With regard to India, information suggests that it is trying to increase the size of its stock of weapon-grade plutonium and perhaps HEU. There has been some discussion of building a new plutonium production reactor. India may be considering using its civil power reactors to increase its stock of weapon-grade plutonium. In addition, the debate about whether one of the Indian tests used reactor-grade plutonium is unresolved, leaving unanswered whether India considers its civil unsafeguarded power reactors and plutonium stock, at least potentially, to be part of its nuclear weapons program.
Faced with a swirling mixture of solid and ambiguous information, a new analytical approach was used to estimate India's stock of weapon-grade plutonium and Pakistan's stock of weapon-grade uranium. This new approach specifically aims to capture the varying and conflicting information about key parameters affecting estimates of the size of the inventories. Rather than decide on a best estimate of a specific parameter, such as lifetime reactor operating capacity, a distribution of possible values is derived. In this way, various choices can be assigned a probability of being true.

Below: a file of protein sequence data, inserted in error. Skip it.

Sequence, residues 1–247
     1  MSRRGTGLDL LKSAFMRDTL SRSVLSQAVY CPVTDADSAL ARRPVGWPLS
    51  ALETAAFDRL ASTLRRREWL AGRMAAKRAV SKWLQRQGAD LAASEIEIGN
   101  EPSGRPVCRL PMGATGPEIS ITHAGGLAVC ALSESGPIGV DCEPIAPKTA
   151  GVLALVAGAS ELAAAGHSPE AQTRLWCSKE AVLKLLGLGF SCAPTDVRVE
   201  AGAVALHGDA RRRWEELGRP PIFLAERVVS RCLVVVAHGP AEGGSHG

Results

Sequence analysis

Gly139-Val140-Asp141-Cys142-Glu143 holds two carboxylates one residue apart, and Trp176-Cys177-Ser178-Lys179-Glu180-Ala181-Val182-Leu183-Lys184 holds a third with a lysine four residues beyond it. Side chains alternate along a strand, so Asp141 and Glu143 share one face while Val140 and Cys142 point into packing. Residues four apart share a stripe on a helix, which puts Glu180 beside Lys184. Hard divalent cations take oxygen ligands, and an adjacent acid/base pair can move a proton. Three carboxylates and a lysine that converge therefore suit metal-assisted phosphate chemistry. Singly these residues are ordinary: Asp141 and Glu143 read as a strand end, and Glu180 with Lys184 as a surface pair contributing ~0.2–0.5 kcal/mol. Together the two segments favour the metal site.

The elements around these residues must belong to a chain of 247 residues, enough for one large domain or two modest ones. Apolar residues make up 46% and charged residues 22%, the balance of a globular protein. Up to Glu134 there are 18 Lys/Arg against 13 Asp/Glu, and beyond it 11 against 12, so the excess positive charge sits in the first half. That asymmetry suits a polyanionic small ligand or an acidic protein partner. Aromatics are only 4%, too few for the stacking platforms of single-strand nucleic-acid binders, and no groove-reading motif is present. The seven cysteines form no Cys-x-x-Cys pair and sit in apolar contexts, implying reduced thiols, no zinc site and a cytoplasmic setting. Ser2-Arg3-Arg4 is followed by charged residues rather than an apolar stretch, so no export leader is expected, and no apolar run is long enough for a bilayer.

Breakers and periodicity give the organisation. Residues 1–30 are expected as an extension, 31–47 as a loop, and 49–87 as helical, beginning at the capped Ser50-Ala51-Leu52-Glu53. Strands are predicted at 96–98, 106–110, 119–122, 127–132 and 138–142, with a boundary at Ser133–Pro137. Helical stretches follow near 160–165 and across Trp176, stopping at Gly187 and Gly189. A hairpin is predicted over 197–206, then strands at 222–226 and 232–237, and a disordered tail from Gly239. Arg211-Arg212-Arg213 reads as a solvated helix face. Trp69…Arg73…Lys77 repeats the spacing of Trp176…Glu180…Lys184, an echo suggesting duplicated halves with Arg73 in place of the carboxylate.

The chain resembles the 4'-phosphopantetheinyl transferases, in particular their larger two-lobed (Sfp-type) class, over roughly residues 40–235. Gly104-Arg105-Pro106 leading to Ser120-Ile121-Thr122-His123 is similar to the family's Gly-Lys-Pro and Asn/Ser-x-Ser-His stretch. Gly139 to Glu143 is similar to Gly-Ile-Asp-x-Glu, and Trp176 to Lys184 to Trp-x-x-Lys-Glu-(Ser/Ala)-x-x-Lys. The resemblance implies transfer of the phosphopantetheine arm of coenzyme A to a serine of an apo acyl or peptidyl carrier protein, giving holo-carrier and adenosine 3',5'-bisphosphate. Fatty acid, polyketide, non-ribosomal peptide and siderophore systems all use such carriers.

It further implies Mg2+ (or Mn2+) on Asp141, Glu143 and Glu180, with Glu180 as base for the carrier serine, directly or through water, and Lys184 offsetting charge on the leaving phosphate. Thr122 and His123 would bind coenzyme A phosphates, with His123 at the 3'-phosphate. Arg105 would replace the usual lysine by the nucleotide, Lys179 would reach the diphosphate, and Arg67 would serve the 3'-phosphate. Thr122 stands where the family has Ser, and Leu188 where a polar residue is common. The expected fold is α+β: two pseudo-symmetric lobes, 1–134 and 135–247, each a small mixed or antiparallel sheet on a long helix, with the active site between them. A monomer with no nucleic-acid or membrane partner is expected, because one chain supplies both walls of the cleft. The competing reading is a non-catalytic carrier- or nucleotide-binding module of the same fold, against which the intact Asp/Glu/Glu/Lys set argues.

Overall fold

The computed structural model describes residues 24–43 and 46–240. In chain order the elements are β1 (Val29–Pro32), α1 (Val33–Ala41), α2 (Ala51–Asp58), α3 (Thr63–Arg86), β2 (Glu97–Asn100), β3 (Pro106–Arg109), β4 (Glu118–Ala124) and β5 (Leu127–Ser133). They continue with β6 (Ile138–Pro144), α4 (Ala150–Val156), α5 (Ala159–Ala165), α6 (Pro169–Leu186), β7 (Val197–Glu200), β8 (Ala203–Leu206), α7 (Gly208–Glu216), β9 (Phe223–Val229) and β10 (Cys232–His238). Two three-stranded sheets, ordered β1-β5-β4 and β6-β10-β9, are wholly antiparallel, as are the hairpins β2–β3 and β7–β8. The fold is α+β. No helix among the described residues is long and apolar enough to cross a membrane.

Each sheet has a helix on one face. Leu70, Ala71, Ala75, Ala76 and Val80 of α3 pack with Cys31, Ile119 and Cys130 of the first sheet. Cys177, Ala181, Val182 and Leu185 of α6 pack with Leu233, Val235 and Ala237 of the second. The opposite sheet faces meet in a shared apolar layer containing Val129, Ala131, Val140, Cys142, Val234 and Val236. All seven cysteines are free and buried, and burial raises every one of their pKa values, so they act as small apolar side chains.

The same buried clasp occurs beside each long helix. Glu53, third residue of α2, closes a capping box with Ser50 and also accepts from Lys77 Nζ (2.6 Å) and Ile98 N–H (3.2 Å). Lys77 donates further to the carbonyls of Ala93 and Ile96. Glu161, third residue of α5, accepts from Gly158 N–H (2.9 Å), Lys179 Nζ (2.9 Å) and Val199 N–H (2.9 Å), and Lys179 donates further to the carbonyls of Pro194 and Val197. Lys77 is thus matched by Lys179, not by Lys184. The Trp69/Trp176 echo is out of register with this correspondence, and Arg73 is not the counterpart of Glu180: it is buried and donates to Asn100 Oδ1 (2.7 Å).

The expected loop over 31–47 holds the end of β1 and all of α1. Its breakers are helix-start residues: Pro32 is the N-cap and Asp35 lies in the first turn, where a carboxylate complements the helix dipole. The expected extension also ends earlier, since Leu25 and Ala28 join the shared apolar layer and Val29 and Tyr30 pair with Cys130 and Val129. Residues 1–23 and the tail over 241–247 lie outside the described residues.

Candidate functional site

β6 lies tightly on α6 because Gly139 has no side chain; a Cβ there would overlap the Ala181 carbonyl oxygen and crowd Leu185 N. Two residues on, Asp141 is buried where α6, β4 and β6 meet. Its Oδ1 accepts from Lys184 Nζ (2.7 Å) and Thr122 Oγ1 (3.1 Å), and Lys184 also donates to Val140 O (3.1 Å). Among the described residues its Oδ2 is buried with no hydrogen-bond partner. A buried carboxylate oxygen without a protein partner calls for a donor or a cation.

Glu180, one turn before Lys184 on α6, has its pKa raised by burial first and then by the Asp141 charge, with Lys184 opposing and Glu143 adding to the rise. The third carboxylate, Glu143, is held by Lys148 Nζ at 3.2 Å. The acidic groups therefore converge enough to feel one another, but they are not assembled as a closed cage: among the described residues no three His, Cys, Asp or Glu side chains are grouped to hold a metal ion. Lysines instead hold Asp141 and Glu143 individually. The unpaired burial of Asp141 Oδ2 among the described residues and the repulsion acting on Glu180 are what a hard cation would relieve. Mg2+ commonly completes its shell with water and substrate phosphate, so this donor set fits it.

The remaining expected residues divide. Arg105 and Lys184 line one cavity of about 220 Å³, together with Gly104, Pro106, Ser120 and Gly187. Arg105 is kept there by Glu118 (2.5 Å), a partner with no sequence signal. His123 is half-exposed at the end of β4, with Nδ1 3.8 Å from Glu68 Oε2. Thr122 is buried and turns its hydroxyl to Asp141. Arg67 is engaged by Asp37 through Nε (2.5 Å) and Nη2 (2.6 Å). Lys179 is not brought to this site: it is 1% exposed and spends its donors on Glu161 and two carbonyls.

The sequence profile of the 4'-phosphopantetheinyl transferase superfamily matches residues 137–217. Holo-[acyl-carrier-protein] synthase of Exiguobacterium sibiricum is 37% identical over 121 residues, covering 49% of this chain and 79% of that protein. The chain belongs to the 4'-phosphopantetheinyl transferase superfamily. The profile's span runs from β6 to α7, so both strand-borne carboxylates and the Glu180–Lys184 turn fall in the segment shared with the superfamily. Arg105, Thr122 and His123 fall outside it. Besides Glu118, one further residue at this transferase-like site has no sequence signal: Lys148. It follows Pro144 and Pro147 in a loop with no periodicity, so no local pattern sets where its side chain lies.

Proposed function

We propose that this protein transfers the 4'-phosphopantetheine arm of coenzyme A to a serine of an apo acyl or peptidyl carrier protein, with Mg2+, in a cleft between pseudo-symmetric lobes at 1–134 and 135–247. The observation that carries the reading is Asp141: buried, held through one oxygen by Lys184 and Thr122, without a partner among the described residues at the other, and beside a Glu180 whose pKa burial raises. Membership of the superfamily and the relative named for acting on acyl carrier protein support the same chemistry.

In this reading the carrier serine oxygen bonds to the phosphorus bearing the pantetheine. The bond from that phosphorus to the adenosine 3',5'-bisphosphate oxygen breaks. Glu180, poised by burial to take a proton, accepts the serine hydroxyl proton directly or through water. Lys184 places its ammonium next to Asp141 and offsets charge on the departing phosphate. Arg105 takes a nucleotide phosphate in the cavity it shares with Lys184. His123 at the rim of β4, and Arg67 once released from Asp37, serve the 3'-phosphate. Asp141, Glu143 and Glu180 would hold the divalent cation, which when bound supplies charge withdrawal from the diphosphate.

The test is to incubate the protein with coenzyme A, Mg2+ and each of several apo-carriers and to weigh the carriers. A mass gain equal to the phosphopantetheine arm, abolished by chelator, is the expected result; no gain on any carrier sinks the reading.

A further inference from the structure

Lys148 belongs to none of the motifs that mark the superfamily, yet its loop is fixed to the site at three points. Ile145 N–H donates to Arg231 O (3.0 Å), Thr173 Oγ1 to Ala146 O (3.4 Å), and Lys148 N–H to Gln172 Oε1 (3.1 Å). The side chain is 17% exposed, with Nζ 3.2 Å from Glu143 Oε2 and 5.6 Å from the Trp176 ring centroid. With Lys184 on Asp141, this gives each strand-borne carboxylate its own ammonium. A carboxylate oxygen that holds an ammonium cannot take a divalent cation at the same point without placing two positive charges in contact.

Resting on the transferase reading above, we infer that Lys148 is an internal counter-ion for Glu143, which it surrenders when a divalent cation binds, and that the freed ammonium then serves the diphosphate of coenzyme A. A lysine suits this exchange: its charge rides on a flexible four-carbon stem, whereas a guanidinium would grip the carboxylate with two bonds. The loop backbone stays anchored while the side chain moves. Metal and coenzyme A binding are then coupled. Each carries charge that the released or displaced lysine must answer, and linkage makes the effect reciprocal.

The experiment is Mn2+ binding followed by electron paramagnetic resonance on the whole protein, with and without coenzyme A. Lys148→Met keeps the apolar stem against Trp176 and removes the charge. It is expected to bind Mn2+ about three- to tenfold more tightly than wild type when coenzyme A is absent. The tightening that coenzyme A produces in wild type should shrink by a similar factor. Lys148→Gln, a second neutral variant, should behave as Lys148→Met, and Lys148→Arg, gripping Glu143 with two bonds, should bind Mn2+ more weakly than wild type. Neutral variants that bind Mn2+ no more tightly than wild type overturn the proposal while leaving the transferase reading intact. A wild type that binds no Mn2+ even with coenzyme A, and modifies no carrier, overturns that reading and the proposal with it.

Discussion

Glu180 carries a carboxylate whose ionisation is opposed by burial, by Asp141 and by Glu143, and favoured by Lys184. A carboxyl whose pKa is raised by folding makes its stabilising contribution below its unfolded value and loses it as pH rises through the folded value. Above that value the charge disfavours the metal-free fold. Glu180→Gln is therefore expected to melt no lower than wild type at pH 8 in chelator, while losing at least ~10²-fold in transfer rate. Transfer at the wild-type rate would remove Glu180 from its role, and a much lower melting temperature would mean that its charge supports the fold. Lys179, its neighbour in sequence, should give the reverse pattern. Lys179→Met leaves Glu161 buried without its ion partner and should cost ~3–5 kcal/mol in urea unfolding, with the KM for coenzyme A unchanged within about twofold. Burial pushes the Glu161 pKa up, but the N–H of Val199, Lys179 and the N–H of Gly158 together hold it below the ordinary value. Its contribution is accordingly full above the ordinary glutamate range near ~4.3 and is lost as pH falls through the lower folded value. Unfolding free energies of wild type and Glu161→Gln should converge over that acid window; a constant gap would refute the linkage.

US officials, for example, have recommended strongly that India's Cirus and Dhruva plutonium production reactors have a lifetime capacity factor of about 40 percent. Indian officials have stated that the average capacity factor is significantly greater, as large as 60 to 70 percent. In this estimate, the most likely choice is selected as 40 percent with values up to 60 to 70 percent having a diminished probability of occurring. On the other end, a lifetime capacity factor less than 30 percent is viewed as highly unlikely. In the case of Pakistan's total enrichment capacity at the Kahuta and the newer Gadwal facilities, a wide range of possible values is given equal probability of occurring.